## Weighted area of a Voronoi cell

Let $X = { x_1,\dots,x_n}$ denote a set of $n$ points in the unit square $S = [0,1]\times[0,1]$, and let $w = {w_1,\dots,w_n}$ denote a set of weights corresponding to the $n$ points in $X$. Define the "power diagram" of $X$ in $S$ to be a partition of $S$ into at most $n$ pieces $V_i$, where

$V_i = {x\in S: \|x - x_i\|^2 + w_i \leq \|x - x_j\|^2 + w_j \forall j \neq i }$

i.e. a "weighted Voronoi diagram". Now let's consider varying the weight $w_1$ while fixing the other weights; specifically, consider the function

$f(w_1) = w_1\cdot \text{Area}(V_1)$

Clearly as $w_1 \rightarrow 0$ we have $f(w_1) \rightarrow 0$ and as $w_1 \rightarrow \infty$ we have $f(w_1) \rightarrow 0$ as well. My question: is $f(w_1)$ unimodal? Convex? Is the answer different if I only have $n=2$ points? What if I define my cells slightly differently, such as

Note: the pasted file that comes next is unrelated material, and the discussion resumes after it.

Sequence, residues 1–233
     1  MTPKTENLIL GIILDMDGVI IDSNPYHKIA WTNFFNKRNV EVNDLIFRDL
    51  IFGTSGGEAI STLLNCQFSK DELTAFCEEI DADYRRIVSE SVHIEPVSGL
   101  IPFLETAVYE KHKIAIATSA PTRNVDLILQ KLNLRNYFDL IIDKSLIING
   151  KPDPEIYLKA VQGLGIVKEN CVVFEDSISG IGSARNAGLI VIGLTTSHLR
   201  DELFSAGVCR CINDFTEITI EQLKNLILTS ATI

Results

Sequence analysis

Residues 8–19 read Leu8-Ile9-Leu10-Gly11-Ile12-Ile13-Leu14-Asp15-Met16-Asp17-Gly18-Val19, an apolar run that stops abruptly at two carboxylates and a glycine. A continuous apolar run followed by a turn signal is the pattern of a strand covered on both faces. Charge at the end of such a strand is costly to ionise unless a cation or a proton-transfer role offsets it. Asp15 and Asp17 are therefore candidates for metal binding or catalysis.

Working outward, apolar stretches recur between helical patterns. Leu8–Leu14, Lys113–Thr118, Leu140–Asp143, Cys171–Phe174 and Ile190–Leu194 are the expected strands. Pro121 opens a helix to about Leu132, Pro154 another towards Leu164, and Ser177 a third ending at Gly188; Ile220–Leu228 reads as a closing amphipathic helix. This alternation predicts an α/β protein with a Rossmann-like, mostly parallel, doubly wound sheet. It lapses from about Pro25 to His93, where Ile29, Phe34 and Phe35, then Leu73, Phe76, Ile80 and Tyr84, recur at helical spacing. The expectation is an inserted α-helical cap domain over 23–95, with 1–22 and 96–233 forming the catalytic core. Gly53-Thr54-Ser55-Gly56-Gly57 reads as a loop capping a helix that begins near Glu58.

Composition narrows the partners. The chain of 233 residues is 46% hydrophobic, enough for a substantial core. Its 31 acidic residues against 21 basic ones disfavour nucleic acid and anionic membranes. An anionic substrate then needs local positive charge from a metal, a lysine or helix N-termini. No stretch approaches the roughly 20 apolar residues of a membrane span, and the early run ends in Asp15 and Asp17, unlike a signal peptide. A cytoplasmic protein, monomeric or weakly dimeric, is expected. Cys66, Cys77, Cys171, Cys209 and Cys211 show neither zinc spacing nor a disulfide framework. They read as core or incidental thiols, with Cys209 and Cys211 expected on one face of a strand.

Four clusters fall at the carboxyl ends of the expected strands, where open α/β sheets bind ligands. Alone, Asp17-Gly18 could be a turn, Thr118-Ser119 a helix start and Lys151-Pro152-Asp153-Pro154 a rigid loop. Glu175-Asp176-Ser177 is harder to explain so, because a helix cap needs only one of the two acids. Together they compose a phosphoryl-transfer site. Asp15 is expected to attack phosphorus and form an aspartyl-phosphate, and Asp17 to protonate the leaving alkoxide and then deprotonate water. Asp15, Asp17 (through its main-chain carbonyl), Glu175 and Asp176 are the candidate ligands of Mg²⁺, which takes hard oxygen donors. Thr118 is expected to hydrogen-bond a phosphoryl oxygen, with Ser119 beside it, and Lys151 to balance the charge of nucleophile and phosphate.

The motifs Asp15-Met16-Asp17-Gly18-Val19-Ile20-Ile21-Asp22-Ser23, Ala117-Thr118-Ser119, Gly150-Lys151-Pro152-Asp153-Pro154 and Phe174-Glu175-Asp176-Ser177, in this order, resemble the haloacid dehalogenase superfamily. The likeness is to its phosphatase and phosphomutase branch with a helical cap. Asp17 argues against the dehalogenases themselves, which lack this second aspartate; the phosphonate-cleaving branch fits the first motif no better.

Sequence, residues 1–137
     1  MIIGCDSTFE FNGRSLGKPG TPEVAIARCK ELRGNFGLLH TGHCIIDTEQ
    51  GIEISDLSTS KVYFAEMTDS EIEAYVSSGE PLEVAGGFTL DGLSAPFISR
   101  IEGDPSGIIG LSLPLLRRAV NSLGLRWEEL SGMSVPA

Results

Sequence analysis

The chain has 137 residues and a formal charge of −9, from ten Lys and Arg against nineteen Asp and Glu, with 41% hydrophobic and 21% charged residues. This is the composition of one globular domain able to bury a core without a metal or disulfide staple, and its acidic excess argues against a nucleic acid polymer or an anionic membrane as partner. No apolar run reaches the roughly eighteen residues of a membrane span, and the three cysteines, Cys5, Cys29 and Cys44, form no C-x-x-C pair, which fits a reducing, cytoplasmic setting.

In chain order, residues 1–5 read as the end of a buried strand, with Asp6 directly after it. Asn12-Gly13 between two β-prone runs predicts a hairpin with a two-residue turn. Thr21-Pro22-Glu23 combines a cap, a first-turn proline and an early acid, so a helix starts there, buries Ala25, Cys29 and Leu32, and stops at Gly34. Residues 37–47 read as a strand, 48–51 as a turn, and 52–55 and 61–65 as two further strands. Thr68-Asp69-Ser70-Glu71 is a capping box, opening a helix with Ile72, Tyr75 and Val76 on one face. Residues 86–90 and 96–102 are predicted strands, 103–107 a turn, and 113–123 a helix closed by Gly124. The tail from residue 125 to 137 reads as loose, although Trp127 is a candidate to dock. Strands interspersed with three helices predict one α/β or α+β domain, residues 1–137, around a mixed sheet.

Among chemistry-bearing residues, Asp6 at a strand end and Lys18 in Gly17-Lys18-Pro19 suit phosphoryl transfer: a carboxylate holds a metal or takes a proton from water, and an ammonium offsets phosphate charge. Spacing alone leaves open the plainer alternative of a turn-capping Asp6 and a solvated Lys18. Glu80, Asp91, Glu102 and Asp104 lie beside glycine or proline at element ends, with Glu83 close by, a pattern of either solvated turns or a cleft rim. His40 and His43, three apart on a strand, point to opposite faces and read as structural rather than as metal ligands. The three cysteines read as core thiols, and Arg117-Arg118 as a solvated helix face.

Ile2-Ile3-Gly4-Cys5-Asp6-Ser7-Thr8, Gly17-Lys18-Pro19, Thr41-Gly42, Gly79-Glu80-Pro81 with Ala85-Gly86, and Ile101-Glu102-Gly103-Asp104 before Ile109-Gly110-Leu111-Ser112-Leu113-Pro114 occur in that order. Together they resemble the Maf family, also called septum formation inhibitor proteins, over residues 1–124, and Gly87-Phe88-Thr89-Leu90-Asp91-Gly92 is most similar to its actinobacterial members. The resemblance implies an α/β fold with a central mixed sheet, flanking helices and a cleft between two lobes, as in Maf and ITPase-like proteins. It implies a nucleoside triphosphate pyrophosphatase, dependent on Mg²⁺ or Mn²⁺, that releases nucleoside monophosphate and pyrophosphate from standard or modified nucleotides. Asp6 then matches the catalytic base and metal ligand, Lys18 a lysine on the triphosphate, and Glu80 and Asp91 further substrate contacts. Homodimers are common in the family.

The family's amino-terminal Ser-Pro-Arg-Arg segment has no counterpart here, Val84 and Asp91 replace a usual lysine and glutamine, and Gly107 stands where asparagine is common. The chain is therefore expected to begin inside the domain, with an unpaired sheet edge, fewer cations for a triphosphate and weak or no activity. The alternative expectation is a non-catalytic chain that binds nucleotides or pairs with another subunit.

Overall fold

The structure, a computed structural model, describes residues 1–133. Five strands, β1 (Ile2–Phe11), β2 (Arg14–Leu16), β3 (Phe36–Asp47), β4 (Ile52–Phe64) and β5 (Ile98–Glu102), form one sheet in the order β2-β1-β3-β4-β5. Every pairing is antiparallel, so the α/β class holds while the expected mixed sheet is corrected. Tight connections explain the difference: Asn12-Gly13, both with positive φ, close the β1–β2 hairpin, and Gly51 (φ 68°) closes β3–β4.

$V_i = {x\in S: \|x - x_i\| + w_i \leq \|x - x_j\| + w_j \forall j \neq i }$ ?

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 Good question. The second definition is quite different from the first, and much worse understood. – Igor Rivin Oct 14 2011 at 10:24

This is not an answer, just a way to empirically explore your question. There is publicly available code for computing the weighted Voronoi diagram. For example, this Matlab code written by Andrew Kwok, which produced the image below (left), or this Java and VB code by Takashi Ohyama, or this applet by Oliver Münch, which produced the image below (right). Using such code, it would not be too difficult to gather data to plot $f(w_1)$ in a random diagram and see if it is unimodal or convex.